Total Parenteral Nutrition concerns

Ultima Vez Modificado: 11 de noviembre del 2002

Share article


Imprima English

Question

Dear OncoLink "Ask The Experts,"
My mother is undergoing radiation and chemotherapy. She was placed on Total Parenteral Nutrition. Is this nutrition complete for her? Can it cause her cholesterol to skyrocket because of the fat included? Her nurse mentioned that it contains large doses of sugar therefore; insulin is also given to her. Can this treatment cause diabetes? Should I be concerned or shall I feel safe that her doctor is recommending the best treatment for someone who is not able to eat?  

Answer

Ellen Sweeney Cordes, RD, Registered Dietitian at the Abramson Cancer Center of the University of Pennsylvania, responds:

TPN or Total Parenteral Nutrition is a form of intravenous nutrition feeding that is used when the patient's gastrointestinal tract is unable to handle food or digest food properly. An example is if there is severe vomiting or diarrhea, which prevents the patient from being able to get enough nutrition. TPN is a specially formulated mixture of protein, carbohydrate, and fat in solution form that is individualized to meet the specific patient's calorie and protein needs. It also has vitamin and minerals added to meet the patients needs to prevent deficiencies. While a patient is on TPN, blood tests are taken frequently to monitor electrolyte levels, blood sugar levels, and other important blood values. If blood sugar levels increase with TPN, then appropriate levels of insulin are added to correct blood sugar levels. A person does not develop diabetes from TPN or any other nutritional product. Also, TPN will not increase cholesterol levels anymore than they would from a regular diet. It is complete nutrition for your mother and is usually very closely monitored by the physician and a registered dietitian or nutrition support team. The TPN will help your mother get the nutrition her body needs to withstand the treatment she is undergoing. If you have further questions, I would encourage you to ask your mother's physician directly.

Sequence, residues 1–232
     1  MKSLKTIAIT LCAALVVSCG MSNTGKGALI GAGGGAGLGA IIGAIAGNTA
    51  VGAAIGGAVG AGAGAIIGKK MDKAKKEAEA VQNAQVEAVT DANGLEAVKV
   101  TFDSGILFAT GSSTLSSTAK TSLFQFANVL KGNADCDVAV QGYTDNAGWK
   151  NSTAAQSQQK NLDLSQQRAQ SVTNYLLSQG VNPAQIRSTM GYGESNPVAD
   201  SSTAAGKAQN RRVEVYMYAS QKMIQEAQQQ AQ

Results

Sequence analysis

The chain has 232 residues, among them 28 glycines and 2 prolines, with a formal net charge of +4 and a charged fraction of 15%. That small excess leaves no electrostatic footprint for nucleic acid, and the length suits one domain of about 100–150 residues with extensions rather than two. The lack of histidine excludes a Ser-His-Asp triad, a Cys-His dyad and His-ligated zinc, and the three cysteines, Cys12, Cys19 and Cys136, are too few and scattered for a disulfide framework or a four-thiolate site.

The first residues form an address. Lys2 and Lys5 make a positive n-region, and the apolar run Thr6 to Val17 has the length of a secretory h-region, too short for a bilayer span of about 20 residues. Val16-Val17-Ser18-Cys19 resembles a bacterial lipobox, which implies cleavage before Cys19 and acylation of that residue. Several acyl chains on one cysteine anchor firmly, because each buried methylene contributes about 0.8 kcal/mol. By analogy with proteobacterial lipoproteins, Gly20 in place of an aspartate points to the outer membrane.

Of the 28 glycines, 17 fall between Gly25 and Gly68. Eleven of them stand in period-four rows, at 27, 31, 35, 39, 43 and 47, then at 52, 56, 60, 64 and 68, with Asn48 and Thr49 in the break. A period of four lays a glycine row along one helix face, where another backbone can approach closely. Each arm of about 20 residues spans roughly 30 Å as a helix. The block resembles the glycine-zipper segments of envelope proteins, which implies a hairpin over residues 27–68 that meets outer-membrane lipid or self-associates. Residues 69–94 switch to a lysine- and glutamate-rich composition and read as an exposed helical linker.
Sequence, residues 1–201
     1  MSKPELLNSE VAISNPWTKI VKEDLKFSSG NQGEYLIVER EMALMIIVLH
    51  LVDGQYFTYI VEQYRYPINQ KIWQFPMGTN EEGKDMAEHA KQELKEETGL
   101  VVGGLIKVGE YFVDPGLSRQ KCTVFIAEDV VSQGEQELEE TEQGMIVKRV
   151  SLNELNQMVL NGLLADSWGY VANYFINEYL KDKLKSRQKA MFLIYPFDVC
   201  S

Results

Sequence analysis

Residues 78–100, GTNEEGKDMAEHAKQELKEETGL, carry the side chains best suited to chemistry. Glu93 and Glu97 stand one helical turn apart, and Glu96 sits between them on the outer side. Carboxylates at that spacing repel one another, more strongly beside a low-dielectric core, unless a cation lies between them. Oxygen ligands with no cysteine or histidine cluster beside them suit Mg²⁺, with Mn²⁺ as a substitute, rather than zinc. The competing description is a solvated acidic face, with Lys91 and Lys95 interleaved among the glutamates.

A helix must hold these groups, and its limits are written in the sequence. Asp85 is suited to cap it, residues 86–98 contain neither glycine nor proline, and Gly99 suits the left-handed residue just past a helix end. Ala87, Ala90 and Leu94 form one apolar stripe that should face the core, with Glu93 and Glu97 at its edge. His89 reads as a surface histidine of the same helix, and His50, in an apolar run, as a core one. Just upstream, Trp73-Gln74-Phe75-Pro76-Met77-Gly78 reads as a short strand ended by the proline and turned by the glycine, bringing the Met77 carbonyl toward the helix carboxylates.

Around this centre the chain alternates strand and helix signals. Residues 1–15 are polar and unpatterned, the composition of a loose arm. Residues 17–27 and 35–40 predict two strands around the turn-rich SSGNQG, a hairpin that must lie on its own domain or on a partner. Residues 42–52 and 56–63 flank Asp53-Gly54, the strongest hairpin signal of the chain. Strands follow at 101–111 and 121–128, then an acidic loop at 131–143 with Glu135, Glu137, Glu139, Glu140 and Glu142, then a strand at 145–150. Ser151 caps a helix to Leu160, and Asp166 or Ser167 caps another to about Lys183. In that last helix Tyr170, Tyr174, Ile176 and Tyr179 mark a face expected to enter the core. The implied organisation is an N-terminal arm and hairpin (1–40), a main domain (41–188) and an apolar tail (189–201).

Imprima English
News
Breast Cancer Markers Commonly Used for Routine Surveillance

Oct 27, 2014 - Breast cancer tumor markers are frequently used for routine surveillance in nonmetastatic breast cancer, and their use has been found to increase the number of diagnostic procedures performed as well as the total cost of care, according to a study published online Oct. 20 in the Journal of Clinical Oncology.



I Wish You Knew

How cancer patients have changed my life

View More



Blogs and Web Chats

OncoLink Blogs give our readers a chance to react to and comment on key cancer news topics and provides a forum for OncoLink Experts and readers to share opinions and learn from each other.




OncoLink OncoPilot

Frente a un nuevo diagnóstico de cáncer o de cambiar el curso de su tratamiento actual? Deje que nuestro personal de enfermería cáncer que ayudan a pasar!

Más información